President Obama signed an Executive Order (EO) for the Stewardship of Our Oceans, Coasts and Great Lakes on July 19, 2010, supporting the Final Recommendations of the Ocean Policy Task Force. The EO states: 'This order also provides for the development of coastal and marine spatial plans that build upon and improve existing Federal, State, tribal, local, and regional decision-making and planning processes.' The Obama Administration established a National Ocean Council (NOC) to assist in developing regional, science-based integrative frameworks for coastal and marine spatial planning. The regional approach will be based on large marine ecosystems, and build on existing regional plans, like the West Coast Governors' Agreement on Ocean Health. (12)


Another project addressing the plight of the oceans is the Pacific Ocean 2020 Challenge Initiative which started in July 2010. The governments of California, Fiji, Micronesia, Solomon Islands, Tonga, Tuvalu and Vietnam are collaborating and sharing information on various regional, national and local initiatives, such as the West Coast Governors Agreement on Ocean Health (WCGA), the Coral Triangle Initiative, the Micronesia Challenge or the Pacific Oceanscapes. This collaboration calls for new intergovernmental and international efforts to address the major crisis in the state of the Pacific Ocean by 2020.A key component of this initiative is the importance of scaling-up the level of marine life protection across the Pacific Ocean.

Up-scaling Marine Protected Areas

Establishing networks of marine protected areas or MPAS, is an important facet of this increased interest in marine governance across the Pacific Ocean. If designed correctly MPAS are an important regulatory strategy to curb over-exploitation of coastal marine resources and potentially mitigate climate change impacts. The numbers of marine reserves to increase biomass and native species diversity in coastal marine ecosystems are rapidly increasing worldwide. MPAS encompass a range of protection levels, from fully protected no-take reserves to restriction of only particular activities, such as a type of fishing activity. Substantial evidence shows that within areas protected from consumptive activities, e.g., fishing, rapid increases in abundance, size, biomass, and biological diversity occur virtually regardless of where reserves are sited.

Scientists have studied over 124 marine reserves in at least 29 nations and territories around the world and monitored biological changes inside the reserves. A summary of the major findings follows:

* A growing body of literature documents the effectiveness of marine reserves for conserving habitats, fostering the recovery of over-exploited species, and maintaining marine communities;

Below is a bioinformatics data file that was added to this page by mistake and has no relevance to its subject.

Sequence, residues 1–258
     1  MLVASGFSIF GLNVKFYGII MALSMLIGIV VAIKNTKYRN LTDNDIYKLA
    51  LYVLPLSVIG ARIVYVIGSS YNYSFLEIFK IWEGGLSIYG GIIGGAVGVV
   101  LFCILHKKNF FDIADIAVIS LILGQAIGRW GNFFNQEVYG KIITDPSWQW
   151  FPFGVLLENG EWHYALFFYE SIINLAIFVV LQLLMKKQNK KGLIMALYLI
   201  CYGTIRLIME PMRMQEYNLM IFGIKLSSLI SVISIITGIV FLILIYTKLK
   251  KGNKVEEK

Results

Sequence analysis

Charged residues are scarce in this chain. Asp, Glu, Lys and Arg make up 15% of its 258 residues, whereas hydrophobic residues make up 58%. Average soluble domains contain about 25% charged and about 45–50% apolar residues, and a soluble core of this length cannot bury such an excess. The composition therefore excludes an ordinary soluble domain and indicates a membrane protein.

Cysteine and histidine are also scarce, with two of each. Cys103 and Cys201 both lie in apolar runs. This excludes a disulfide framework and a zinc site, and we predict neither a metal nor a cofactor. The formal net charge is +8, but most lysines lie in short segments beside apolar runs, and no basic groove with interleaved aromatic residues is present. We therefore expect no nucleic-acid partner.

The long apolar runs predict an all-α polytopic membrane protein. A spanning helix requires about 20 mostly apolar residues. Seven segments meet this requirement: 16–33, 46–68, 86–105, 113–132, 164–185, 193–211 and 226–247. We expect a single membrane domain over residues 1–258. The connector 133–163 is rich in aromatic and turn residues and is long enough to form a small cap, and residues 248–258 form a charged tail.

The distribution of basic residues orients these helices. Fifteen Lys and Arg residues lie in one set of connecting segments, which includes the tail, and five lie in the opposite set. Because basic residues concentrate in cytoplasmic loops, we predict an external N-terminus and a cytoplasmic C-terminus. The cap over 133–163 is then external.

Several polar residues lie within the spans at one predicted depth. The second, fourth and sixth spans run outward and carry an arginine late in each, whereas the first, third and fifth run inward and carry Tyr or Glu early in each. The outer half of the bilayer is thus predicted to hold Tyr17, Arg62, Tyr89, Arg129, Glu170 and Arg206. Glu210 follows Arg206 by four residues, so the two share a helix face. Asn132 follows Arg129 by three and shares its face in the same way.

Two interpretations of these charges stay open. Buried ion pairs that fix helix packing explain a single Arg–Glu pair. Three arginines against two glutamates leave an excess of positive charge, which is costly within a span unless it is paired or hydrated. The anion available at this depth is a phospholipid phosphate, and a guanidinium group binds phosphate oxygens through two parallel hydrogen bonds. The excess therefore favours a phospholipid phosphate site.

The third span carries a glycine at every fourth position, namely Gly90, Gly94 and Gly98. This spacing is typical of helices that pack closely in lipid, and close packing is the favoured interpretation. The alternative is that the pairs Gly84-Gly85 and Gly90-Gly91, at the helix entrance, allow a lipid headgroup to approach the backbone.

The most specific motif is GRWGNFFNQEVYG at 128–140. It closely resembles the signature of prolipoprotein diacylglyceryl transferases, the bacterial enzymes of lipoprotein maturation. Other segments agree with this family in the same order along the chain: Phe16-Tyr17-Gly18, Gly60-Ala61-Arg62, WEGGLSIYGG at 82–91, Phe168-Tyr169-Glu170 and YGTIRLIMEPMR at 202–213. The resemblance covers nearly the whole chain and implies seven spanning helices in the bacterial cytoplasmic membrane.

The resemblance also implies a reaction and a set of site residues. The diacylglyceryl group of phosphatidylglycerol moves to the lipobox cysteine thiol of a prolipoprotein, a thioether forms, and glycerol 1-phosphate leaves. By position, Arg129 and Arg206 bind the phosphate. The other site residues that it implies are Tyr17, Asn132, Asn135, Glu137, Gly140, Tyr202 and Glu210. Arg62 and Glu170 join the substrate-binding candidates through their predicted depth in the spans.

* Networks of marine reserves, where the goal is to protect all components of the ecosystem through spatially defined closures, should be included as an essential element of ecosystem-based planning;

* Marine reserves, together with conventional fisheries management strategies, have significant ecological benefits. Reserves may allow targeted species to rebound, increasing local recruitment and contributing to spill-over of adults and export of larvae into fished areas.

* Reserves may protect critical life stages and spawning aggregations of targeted species;

* Reserves may provide insurance and resilience in an uncertain world with unpredictable environmental fluctuations.

* No-take marine reserves can enhance species diversity, biomass, abundance and size of marine animals;

* Case studies of no-take marine reserves show positive spill-over effects from reserves into fishing areas; and

* Reserves designed to protect ecosystem biodiversity can also protect fisheries.

Few MPAS are closed to all activities. Most are open for recreational use and others allow commercial and sport fishing. Currently, less than 1 percent of the world's oceans are closed to fishing. The debate on the use of reserves as a fish management tool remains an issue dividing members of the scientific community. Also, few conservation organizations are willing or able to take on the powerful interests of commercial and recreational fishing organizations in the politics of marine conservation. A fundamental problem remains; there is a lack in most places of an ocean constituency to support the preservation of marine life.